A key adviser to the Government on coronavirus has said trials for a vaccine for the disease could be completed by mid-August.
Human testing of a potential vaccine is due to begin within the next week at Oxford University.
Asked about the possibility of a vaccine being produced by the autumn, Professor Sir John Bell, a member of the Government’s vaccine task force and an adviser on life sciences, told BBC Radio 4’s Today programme: “The real question is will it have efficacy?
“Will it protect people, and that has not been tested and it will only be tested once you have vaccinated a significant number of people and exposed them to the virus and counted how many people have got the virus in that population.
“So, we won’t even get a signal for that until May.
“But if things go on course and it does have efficacy, then I think it is reasonable to think that they would be able to complete their trial by mid-August.”
Sir John said of the candidate vaccine being tested at Oxford: “If we can see evidence of a strong immune response by the middle or the end of May, then I think the game is on.
“Then, of course, there is the massive issue of how you manufacture at scale many billions of doses.”
The comments came amid fears that some hospitals could run out of certain types of personal protective equipment (PPE) this weekend.
Chris Hopson, chairman of NHS Providers, said some trusts will run out of supplies on Saturday or Sunday because we have “reached the point where national stock of fully fluid repellent gowns and coveralls (is) exhausted”.
A British Medical Association (BMA) survey of more than 6,000 doctors across the country said a significant amount of them remain without the protection they need to guard against Covid-19.
It echoed another survey of 14,000 medical staff by the Royal College of Nursing (RCN) which found half of nurses have felt pressure to work without appropriate protective equipment during the crisis.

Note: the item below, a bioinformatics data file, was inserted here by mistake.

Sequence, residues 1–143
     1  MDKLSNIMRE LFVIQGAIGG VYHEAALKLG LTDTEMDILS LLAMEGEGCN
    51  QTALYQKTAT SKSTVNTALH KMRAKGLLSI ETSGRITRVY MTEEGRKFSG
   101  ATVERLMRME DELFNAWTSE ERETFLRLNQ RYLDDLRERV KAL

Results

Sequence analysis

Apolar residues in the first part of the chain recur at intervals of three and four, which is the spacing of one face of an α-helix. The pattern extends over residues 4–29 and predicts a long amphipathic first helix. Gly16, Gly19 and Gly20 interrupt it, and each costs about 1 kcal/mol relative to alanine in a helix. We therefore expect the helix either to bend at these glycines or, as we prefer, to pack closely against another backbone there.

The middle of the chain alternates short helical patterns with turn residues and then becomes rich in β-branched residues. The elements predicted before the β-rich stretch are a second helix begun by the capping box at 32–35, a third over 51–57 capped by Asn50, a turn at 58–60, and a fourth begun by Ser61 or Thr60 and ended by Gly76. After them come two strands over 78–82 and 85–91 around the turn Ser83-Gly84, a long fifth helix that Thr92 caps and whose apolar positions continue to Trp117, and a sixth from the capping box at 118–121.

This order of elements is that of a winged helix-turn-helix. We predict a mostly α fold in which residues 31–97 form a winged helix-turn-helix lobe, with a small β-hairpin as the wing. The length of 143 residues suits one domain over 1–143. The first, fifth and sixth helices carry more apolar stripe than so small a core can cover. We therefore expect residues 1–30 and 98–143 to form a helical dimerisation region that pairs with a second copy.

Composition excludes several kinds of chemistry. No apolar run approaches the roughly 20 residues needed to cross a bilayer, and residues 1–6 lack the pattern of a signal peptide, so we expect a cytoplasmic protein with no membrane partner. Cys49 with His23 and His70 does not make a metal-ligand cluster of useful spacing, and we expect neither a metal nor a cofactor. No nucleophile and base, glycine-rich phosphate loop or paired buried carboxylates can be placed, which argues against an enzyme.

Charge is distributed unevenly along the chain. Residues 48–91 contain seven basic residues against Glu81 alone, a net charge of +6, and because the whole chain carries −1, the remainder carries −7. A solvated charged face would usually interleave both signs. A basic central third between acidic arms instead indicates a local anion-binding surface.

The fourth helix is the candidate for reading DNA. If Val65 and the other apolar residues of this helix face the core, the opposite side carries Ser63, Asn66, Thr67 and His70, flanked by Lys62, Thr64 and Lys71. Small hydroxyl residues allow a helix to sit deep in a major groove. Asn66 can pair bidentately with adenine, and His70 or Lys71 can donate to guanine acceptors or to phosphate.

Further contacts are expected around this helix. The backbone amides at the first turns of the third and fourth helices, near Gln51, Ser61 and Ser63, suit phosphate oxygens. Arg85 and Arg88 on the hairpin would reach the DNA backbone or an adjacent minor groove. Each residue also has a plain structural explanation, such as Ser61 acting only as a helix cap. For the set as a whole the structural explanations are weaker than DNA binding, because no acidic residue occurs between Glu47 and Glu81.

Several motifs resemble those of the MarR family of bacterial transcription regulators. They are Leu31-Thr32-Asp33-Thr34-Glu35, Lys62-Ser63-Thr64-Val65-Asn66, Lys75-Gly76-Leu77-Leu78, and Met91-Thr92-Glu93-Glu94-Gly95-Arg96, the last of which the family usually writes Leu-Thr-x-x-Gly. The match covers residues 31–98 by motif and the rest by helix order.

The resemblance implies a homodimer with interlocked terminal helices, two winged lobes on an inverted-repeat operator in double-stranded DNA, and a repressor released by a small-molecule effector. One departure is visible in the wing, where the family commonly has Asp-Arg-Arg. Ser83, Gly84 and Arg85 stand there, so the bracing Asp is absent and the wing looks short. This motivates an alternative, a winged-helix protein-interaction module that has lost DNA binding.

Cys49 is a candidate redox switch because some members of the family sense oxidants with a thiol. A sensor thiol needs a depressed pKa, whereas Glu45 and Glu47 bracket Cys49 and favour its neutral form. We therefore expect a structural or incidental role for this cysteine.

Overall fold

The fears over shortages come after new guidance which means doctors and nurses in England could be asked to work without full-length gowns and to reuse items when treating coronavirus patients provoked a furious backlash from groups representing frontline NHS staff.
Public Health England (PHE) reversed its guidance on Friday evening which stipulated long-sleeved disposable fluid repellent gowns should be worn when treating Covid-19 patients.
If the gowns are not available, clinical staff are now advised to wear “disposable, non-fluid repellent gowns or coveralls” or “washable surgical gowns”, with aprons, and to wash their forearms afterwards.
At least 50 NHS workers have now died after contracting coronavirus.
A Department of Health spokesman said: “New clinical advice has been issued today to make sure that if there are shortages in one area, frontline staff know what PPE to wear instead to minimise risk.”
But Professor Neil Mortensen, president-elect of the Royal College of Surgeons, said: “We are deeply disturbed by this latest change to PPE guidance, which was issued without consulting expert medical bodies. ”
He added: “The new guidance implies that, even in the operating theatre, surgeons and their teams may not require proper PPE. This is simply unacceptable.”
He said that like all doctors, surgeons are committed to their patients and “many will put themselves in the firing line.
“However, if fluid repellent gowns or coveralls are not available, then surgeons should not risk their health.”
That message echoed Royal College of Nursing advice that nurses should refuse to treat patients “as a last resort” if they are not provided with adequate PPE.
Meanwhile, senior Tories have accused ministers of underestimating the public by refusing to discuss exit strategies for ending the coronavirus lockdown
Former Brexit secretary David Davis told the PA news agency: “There are lots and lots of benefits of being open about this.
“The argument that was put, that we don’t want to confuse the message, I think is just wrong.
“It underestimates the public. The public understand that there are phases to this.”